Weston : ideas about xdg_sell, and implementation for a taskbar

Bill Spitzak spitzak at gmail.com
Tue Feb 11 12:26:30 PST 2014

sardemff7+wayland at sardemff7.net wrote:

>> I was suggesting that one method of minimizing multiple surfaces
>> would be for the client to arrange them all as children of one of
>> them and then minimize the parent. The primary purpose is so the
>> compositor/taskbar knows all those windows are "related", for
>> instance to produce on a single taskbar entry.
> All scenarii are supported. You can reparent or simply minimize everyone.

I was thinking the compositor would need the parent information. For 
instance if may show one taskbar entry per minimize request. But there 
may be other methods of doing this.

>> No, because if the client wants to redraw or raise or show or hide
>> any other surface as a side-effect of the minimize, these changes
>> will not be atomic with the minimize, resulting in unwanted
>> flickering of an intermediate display. There has to be a way for the
>> minimized window to not disappear until the client does some kind of
>> commit.
> The commit *is* the .set_minimized. You can raise, draw everything you
> want *then* send the .set_minimized request. It is the last step of the
> minimization process. In the scenario of multiple .set_minimized
> requests, the last one must be the “main” one (either the one requested
> by the compositor or the one triggered by client UI).

Okay this is an interesting method for making atomic minimization 
without having to send a parent tree to the compositor.

My main concern is that I think the parent tree is going to be needed 
anyway so I'm not sure this adds anything.

Also I am unsure how a client indicates which minimize is the "main" 
one, as the compositor can't tell if another minimize is coming. This is 
a problem even for compositor-generated minimizes as the client may want 
to respond to a minimize request in a dialog box by minimizing the 
entire application, not just the dialog box.

> I mean “unfocus”. There is no reason to treat the minimized with a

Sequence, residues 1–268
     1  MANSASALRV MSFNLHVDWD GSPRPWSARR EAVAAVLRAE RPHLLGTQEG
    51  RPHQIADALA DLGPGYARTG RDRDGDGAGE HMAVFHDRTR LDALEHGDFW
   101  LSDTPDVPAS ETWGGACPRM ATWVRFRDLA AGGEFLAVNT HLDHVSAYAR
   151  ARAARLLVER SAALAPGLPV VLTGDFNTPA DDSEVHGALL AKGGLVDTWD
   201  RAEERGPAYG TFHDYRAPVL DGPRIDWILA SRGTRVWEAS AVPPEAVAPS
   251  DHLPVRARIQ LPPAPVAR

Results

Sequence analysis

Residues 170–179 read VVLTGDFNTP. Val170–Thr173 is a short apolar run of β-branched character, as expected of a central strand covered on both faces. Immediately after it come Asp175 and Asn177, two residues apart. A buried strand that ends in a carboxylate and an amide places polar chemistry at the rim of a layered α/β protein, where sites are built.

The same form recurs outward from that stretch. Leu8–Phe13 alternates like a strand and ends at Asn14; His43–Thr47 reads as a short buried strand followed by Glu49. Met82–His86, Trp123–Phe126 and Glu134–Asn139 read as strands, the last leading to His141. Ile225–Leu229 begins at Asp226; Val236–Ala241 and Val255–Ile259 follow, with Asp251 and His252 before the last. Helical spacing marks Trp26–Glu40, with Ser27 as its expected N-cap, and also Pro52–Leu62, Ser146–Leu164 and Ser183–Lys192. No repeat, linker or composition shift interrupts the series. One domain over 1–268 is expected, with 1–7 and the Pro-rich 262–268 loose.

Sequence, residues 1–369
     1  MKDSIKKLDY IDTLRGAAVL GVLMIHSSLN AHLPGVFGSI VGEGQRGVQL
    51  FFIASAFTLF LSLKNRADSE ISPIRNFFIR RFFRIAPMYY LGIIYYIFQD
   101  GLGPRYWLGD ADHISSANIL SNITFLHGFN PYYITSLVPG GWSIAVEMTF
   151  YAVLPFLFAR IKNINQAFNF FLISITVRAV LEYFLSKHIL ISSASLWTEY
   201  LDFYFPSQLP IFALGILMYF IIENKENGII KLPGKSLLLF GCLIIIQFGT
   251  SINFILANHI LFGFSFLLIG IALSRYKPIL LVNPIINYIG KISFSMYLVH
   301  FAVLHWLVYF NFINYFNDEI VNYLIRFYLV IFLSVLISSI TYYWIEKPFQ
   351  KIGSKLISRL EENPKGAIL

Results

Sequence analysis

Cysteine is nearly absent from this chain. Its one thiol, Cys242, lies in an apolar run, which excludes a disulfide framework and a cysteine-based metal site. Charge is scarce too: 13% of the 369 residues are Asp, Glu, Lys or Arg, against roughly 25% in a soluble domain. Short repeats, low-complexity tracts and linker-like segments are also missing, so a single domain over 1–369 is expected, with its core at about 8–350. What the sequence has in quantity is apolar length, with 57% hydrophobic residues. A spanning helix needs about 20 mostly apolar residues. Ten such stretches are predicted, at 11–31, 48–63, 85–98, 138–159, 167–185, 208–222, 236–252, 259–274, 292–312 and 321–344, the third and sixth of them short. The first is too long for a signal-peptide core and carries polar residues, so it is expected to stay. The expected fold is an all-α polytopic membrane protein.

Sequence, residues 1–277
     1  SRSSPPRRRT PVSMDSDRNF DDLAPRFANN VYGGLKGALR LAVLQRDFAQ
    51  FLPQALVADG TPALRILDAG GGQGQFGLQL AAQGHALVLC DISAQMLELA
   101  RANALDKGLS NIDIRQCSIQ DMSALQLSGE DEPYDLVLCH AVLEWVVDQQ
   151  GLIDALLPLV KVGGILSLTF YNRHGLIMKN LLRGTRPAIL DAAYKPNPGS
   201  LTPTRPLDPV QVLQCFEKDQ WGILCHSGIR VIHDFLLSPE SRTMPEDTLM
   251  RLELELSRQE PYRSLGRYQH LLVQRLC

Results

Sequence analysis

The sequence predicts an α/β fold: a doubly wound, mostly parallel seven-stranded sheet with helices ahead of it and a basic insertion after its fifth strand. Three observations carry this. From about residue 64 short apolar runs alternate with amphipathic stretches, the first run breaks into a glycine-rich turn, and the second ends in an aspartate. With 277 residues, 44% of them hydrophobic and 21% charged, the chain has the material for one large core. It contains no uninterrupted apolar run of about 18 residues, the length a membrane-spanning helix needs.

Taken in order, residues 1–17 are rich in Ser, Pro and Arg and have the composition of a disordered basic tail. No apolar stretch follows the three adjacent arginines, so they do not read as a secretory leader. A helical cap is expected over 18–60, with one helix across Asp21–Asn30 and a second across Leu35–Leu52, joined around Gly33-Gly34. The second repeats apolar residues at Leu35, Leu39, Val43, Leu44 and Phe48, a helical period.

> special event. The client already reparented surfaces and raised
> everything relevant.

As long as the client is in charge of mimimizing itself (which it now 
sounds like you are proposing and is exactly what I was trying to 
propose originally) then this is ok.

In fact the client could even assume that it loses the focus so no 
unfocus event is needed (but it appears a Wayland design criteria is to 
ensure pairing of events so it should be sent, though IMHO this enforced 
pairing is a waste of time as no sane client will rely on it).

A surface without focus can be minimized, it's just that the client will 
be unable to tell if it worked.

It is true that a client may display incorrect graphics if the 
set_minimized is ignored. If it expects an unfocus it could detect this 
after a delay but even then the drawing will blink. But I don't think 
this is a major concern.

> No, I am describing a .request_set_minimized/.set_minimized use case:
> 1a. The compositor send the .request_set_minimized event.
> 1b. The client “minimize” button is pressed.
> 2. The client reparent, draw, raise, do whatever it needs to keep the UI
> consistent.
> 3. The client send the .set_minimized request.
> 4. The relevant surfaces are hidden by the compositor.
> In case 1b with a compositor not supporting minimization, the client
> will just looks a bit weird. But:
> 1. I believe that a user will not expect anything better when using such
> a compositor.
> 2. Using flags in the configure event to inform the client which actions
> are supported will just remove such a weird case.

Okay, that sounds exactly like what I proposed, which is the client is 
in final control over the minimization. Nothing happens until the client 
sends the set_minimized request. I definately prefer this but I must 
have misread your description as it sure sounded like you wanted 
communication after the compositor minimized the window, not before.

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